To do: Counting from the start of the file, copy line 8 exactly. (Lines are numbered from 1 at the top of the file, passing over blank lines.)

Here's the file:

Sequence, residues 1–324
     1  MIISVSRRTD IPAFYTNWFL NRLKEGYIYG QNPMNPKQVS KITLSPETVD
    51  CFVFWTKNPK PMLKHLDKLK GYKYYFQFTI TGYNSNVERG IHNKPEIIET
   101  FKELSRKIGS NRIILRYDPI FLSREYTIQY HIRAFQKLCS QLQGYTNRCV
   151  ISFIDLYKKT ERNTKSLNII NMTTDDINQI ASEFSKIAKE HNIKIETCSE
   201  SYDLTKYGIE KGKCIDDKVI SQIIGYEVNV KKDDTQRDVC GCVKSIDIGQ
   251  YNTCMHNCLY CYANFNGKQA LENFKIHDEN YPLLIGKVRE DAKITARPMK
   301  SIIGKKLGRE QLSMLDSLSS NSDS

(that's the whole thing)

   301  SIIGKKLGRE QLSMLDSLSS NSDS